A Deep Dive into Louisiana Constitutional Amendment 2

Nicole Mistretta


Feature photo: Photo by Pixabay.

On the ballot for Louisiana voters on November 3 is Louisiana Constitutional Amendment 2 which would allow the inclusion of oil and gas value when assessing oil well properties for tax assessment.

The amendment would only directly affect those in the oil and gas industry but will allow oil well property assessors to determine the value of wells with more accuracy. People in the oil and gas industry in Louisiana said they feel oil wells are not assessed appropriately and assessors agree. They say Amendment 2 will provide a fair method for oil well property assessment which other properties in Louisiana are allowed to use.

Read below for a detailed look into Louisiana Amendment 2.

Ballot Text

Do you support an amendment to permit the presence or production of oil or gas to be included in the methodology used to determine the fair market value of an oil or gas well for the purpose of property assessment?

Explanation of Amendment 2

Amendment 2 to the Louisiana Constitution allows for the income approach to be used when property assessors are determining the value of an oil well property for tax purposes.

Kati Hyer, vice president of communications for the Louisiana Oil and Gas Association (LOGA), said there are three basic means of assessing a piece of property: replacement cost, market value and income value. Of the three assessment methods, the “income approach” is barred by the constitution for oil and gas well assessment, according to Hyer.

“All that’s being done here is to allow the income approach to value to be considered for oil and gas wells like it is for every other kind of property in Louisiana. [The income approach] can be done in every other state which assesses minerals across the country…This is bringing Louisiana up to match its peers,” Daron Fredrickson, LOGA chairman, said.

Fredrickson said the replacement cost method, the more popular of the two methods currently allowed by the Louisiana Constitution, is an arbitrary calculation on what it might cost to replace the well in the current market. He said without assessing the oil itself, “the one thing of value,” it is difficult to fairly assess the value of the well.

Belinda Hazel, an assessor in Plaquemine and chair of the Oil and Gas Committee for the Oil and Gas Association in Louisiana, said a problem for assessors using the replacement cost and market value approaches comes from valuing wells that are between brand-new and the end of life. The inclusion of the income approach includes depreciation of wells which allows assessors to value the property with more accuracy, according to Hazel. The exclusion of guesswork when valuing a well will allow assessors and well managers to predict estimated tax payments.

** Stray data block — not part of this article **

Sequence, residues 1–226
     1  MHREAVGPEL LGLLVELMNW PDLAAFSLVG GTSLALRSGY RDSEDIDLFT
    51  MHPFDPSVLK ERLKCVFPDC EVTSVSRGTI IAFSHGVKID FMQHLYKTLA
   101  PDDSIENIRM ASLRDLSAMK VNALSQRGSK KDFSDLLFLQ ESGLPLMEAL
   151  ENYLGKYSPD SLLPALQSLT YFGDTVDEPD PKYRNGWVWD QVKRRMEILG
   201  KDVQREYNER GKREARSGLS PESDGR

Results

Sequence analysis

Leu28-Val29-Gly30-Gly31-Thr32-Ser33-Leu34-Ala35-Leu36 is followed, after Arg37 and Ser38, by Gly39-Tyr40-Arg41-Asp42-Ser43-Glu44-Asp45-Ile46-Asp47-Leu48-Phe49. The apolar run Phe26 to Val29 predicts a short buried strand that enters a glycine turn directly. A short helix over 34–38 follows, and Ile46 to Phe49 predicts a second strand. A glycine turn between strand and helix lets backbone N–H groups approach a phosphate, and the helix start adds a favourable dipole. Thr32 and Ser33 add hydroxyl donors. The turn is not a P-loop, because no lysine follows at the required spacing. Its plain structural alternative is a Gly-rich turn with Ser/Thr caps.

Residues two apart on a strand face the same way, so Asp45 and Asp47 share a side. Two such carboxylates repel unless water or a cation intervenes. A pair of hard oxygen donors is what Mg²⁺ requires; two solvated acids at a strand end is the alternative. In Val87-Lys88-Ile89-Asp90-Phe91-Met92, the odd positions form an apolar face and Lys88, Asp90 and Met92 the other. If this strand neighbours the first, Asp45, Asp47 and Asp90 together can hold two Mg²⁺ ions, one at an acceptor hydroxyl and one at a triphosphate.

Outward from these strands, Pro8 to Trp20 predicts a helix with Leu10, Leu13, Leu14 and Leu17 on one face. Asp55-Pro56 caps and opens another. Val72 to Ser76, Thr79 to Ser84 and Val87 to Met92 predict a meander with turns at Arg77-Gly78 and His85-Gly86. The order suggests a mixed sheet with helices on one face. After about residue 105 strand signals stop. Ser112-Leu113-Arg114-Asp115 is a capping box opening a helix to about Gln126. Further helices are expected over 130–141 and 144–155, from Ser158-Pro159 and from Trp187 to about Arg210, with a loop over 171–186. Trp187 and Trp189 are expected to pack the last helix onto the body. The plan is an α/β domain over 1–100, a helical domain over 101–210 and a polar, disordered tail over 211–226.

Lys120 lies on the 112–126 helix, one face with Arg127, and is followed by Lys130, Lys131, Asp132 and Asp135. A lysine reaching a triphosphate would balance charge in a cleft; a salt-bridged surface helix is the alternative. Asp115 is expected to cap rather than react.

Fredrickson said the purpose of Amendment 2 is to assess and judge oil and gas well properties fairly and give Louisiana the opportunity to better plan its budget, knowing what tax payments are incoming.

“The idea is for everyone to have visibility into this thing and to be able to see what’s coming… Everyone [in the market]will be able to see what will and won’t happen,” Fredrickson said.

According to Hyer, Amendment 2 would allow assessors, who are elected in each parish, to have another tool available to them when valuing a property. The current methods do not take production into account, leaving many oil operators over-assessed, according to Hyer.

The amendment will only affect well operators who are responsible for severing the minerals from the ground, according to Fredrickson. He said landowners, royalty owners, and  average taxpayers will be unaffected by the change.

The Louisiana House and Senate passed House Bill 360 (Amendment 2) unanimously, according to Hyer.

Impact of Amendment

If the amendment should pass, it would only open the door for discussion on how to apply the income method in practice, according to Hazel.

“The amendment allows tax assessors to consider the income approach to value, it does not define numbers or calculations. It gives everyone a tool,” Fredrickson said.

Fredrickson said the amendment is the “greenlight”for discussion on new rules and regulations to take place at the Louisiana Tax Commission in the summer. According to Hazel, the public will be able to weigh in on the new rules and regulations as they develop.

“Anyone can submit or rebut proposals. It’s an open process,” Hazel said.

Fredrickson said the earliest adoption of the income method for usage would be 2022, but he thinks 2023 is more realistic. He said when a new change is adopted, it is phased in to avoid anyone being directly impacted or crushed by it.

“The product price [of gas] is defined by the market, the global market… The [amendment and gas cost] are distinctly unlinked,” Fredrickson said.

Why an Amendment and Not a Law?

Hyer said the Louisiana Constitution currently spells out the cost replacement method and market value method as the only methods property assessors can use when valuing oil and gas wells. The income method was not included, and therefore cannot be used unless a narrow change of the constitution is implemented, according to Hyer.

Fredrickson said the constitution makes it impossible for oil and gas well assessors to use the income approach and apply an “ad valorem” tax, a tax based on the value of a property.

A “YES” Vote means…

A “yes” vote will support the inclusion of the income method to be considered when assessing an oil or gas well for ad valorem taxes.

A “NO” Vote means…

A “no” vote will oppose the inclusion of the income method to be considered when assessing an oil or gas well for ad valorem taxes, and keep the constitution in its current state.

Visit the Louisiana Voter Portal to view specific information about where to vote and other voter details.

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